An old mansion with a manicured lawn

Your author recently returned (albeit virtually) to his former college to interview Iain McCulloch, Professor of Polymer Chemistry at the University of Oxford. Our wide-ranging discussion took in everything from climate change to the world’s ageing population via what scientists can learn from successful Glaswegian football managers. Throughout, Iain’s message was clear: give people inspiring projects, get them to collaborate, but also learn when to move on – and the planet’s problems can begin to get solved.

Professor McCulloch can certainly boast an impressive CV, having worked in both academia and industry on several continents. His research output extends to around 400 peer-reviewed papers and over 60 patents filed. Despite such an enviable career (and perhaps since he was speaking to a liberal arts graduate), Iain was remarkably down to earth. Applied chemistry, he highlighted, had always been his passion since it has “practical relevance.”

Most of Iain’s focus has been within the fields of healthcare and energy. Begin with the former and science clearly needs to respond to the challenge of a growing and ageing population. Practically, this means bringing more affordable healthcare solutions to market more efficiently. An increasing emphasis needs to be placed on “thinking beyond medicine”, primarily around (pre-emptive) diagnostics, per Iain. This was a theme we first discussed in our own work over a decade ago.

When it comes to climate change, “we’re really in trouble”, according to Iain. Politicians need to move beyond “posturing” to tangible actions. From a practical perspective, this means thinking more about how to accelerate the switch away from carbon dioxide-emitting energy sources to better solutions. These would include solar, hydrogen and superior energy storage. Improving technology and falling costs are helping accelerate the rate of innovation, particularly on the boundaries of what solar panels can do. Our original work on the case for solar can be found here, and on hydrogen here.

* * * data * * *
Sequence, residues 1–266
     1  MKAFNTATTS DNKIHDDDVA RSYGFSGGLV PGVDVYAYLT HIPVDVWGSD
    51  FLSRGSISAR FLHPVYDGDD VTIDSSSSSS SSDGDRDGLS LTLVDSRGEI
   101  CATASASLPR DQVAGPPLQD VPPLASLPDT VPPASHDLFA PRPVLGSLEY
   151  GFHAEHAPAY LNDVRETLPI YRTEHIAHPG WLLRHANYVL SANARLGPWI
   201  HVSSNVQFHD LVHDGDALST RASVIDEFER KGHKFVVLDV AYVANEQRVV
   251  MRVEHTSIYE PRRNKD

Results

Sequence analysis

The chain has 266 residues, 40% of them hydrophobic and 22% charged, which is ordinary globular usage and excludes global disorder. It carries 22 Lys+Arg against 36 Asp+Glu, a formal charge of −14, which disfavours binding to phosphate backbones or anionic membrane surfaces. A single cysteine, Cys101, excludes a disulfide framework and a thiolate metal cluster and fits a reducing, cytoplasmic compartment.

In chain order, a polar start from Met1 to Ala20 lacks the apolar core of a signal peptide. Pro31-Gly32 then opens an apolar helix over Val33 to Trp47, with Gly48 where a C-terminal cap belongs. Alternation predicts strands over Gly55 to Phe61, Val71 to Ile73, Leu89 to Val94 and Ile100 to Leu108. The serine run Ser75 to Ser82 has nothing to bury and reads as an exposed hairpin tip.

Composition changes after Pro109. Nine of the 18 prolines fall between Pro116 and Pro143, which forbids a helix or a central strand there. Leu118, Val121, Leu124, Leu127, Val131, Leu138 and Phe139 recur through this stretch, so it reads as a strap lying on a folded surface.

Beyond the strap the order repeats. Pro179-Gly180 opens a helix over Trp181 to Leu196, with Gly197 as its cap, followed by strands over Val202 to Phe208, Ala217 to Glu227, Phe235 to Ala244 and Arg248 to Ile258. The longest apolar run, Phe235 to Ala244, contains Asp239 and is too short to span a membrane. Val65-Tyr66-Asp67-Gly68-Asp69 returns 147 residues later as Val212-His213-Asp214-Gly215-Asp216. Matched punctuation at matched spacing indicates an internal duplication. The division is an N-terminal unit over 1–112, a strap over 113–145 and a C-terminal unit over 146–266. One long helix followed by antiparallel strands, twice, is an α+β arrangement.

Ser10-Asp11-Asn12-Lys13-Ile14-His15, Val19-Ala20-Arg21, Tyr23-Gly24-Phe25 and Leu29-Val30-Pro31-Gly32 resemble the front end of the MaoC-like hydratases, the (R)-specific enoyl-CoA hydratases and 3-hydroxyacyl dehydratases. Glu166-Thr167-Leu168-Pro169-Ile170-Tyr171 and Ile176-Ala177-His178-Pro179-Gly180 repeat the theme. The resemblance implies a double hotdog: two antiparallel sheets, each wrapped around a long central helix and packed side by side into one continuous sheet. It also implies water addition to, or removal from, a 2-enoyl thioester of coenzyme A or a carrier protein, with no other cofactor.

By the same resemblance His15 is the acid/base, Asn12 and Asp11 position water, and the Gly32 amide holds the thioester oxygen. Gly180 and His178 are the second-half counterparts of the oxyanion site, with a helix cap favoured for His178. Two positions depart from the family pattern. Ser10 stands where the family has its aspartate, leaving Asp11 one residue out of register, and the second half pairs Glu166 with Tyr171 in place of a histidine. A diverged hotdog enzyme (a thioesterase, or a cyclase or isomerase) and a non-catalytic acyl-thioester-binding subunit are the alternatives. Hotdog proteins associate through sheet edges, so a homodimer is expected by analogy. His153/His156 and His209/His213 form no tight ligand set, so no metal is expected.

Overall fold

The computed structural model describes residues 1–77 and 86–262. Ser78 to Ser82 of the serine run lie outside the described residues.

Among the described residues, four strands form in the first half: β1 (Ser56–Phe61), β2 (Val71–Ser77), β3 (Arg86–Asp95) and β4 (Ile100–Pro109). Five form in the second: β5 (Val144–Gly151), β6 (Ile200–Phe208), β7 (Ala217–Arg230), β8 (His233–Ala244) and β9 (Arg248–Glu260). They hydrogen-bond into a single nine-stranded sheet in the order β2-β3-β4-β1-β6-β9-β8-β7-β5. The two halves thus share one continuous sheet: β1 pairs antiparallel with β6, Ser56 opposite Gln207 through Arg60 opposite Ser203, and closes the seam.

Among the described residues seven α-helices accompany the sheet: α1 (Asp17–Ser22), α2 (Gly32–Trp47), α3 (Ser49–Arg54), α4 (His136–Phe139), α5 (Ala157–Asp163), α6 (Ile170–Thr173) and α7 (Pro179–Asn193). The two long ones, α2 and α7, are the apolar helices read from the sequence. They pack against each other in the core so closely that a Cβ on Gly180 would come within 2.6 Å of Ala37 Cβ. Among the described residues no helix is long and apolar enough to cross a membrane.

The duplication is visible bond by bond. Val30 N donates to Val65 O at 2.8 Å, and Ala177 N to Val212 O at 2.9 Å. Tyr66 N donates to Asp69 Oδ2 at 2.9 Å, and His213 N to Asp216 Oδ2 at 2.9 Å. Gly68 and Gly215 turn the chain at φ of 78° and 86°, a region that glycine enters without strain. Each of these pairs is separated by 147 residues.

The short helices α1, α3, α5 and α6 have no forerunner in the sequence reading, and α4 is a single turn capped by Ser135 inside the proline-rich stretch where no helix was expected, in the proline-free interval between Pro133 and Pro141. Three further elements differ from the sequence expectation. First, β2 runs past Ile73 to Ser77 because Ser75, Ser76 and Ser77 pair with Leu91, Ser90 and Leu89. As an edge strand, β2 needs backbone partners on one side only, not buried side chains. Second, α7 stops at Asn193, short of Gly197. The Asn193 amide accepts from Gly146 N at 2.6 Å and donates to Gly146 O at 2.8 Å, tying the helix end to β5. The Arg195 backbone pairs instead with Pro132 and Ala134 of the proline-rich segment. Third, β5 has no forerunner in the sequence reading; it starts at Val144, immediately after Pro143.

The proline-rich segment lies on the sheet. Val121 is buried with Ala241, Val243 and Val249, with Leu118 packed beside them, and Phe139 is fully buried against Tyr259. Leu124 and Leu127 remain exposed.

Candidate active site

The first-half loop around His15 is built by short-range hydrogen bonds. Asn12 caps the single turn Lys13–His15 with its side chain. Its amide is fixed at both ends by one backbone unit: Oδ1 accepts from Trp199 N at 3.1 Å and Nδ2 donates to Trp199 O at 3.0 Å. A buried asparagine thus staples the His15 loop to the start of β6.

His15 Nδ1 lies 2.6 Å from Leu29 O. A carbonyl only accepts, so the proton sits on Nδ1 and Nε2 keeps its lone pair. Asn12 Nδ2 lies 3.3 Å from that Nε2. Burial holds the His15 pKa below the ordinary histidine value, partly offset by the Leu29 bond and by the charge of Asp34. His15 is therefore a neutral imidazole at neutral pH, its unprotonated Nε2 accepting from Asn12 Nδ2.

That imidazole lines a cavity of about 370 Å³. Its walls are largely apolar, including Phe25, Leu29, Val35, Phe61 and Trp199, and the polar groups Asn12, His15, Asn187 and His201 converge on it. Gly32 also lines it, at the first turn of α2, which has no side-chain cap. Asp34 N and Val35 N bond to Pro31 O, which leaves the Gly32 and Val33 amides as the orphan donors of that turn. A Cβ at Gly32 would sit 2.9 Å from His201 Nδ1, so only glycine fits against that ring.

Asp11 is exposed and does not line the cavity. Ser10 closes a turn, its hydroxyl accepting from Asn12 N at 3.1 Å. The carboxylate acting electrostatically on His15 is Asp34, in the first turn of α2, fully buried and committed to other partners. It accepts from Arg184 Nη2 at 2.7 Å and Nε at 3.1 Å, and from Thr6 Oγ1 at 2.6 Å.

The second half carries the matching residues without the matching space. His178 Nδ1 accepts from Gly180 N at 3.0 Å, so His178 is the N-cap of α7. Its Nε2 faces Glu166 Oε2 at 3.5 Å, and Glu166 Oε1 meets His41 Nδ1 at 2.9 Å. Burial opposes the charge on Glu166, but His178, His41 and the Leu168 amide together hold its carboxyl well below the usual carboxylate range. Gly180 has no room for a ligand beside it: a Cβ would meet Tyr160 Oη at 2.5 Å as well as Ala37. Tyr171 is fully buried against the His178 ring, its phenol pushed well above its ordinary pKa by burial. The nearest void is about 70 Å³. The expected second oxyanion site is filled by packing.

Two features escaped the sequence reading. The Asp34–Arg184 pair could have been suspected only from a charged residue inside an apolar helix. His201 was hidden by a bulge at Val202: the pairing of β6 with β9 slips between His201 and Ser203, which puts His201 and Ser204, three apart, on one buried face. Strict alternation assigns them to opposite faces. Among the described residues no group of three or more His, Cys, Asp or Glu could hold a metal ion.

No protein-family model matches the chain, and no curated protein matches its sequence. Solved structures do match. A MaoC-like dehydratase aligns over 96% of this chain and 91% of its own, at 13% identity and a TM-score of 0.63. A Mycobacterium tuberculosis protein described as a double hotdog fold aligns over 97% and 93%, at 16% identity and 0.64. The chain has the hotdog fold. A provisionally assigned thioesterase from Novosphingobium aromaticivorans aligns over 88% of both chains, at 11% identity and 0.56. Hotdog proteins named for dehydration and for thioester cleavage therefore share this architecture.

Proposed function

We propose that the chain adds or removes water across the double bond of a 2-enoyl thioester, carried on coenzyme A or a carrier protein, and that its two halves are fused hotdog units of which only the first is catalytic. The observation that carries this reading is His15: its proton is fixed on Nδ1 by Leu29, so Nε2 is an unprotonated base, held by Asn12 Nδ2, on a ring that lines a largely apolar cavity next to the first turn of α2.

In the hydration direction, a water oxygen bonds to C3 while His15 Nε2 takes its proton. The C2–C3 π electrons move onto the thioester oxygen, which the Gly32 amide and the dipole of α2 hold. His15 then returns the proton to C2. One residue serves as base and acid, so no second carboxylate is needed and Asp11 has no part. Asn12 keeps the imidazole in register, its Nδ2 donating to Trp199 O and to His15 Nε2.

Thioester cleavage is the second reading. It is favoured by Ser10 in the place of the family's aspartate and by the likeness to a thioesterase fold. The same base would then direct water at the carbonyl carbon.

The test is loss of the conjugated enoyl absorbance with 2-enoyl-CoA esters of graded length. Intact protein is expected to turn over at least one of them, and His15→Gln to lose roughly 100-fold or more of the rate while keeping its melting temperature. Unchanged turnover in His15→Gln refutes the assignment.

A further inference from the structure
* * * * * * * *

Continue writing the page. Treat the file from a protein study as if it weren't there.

Professor McCulloch did sound an optimistic note on the future. Climate change is at “the forefront of thinking” among younger people, in his view, while the recent pandemic clearly demonstrated that science can deliver “practical solutions” to problems. However, it is important to show “no sentimentality” when doing novel research, an approach Iain described, that was also successfully pursued by fellow Glaswegian, Sir Alex Ferguson, in his time as Manchester United’s most successful manager. When things change or simply don’t work, then move on. We are sympathetic to such a stance. It is also consistent with Darwin’s famous dictum – and touchstone for how we consider the future – that the species (or businesses) which survive will be neither those that are the strongest nor the most intelligent; rather, those that are most responsive to change.

22 November 2022​​​​​​​​​​​​​​​​​​​​​​​​​​​​​​​​​​​​​​​​​​​​​​​​​​​​​​​​​​​​​​​​​​​​​​​​​​​​​​​​​​​​​​​​​​​​

​​​​​​​​​​​​​​​​​​​​​​​​​​​The above does not constitute investment advice and is the sole opinion of the author at the time of publication. Past performance is no guide to future performance and the value of investments and income from them can fall as well as rise.

Separately, and in case you missed it, interested readers can now view our 2023 Outlook piece, which was released last week.

Alex Gunz, Fund Manager


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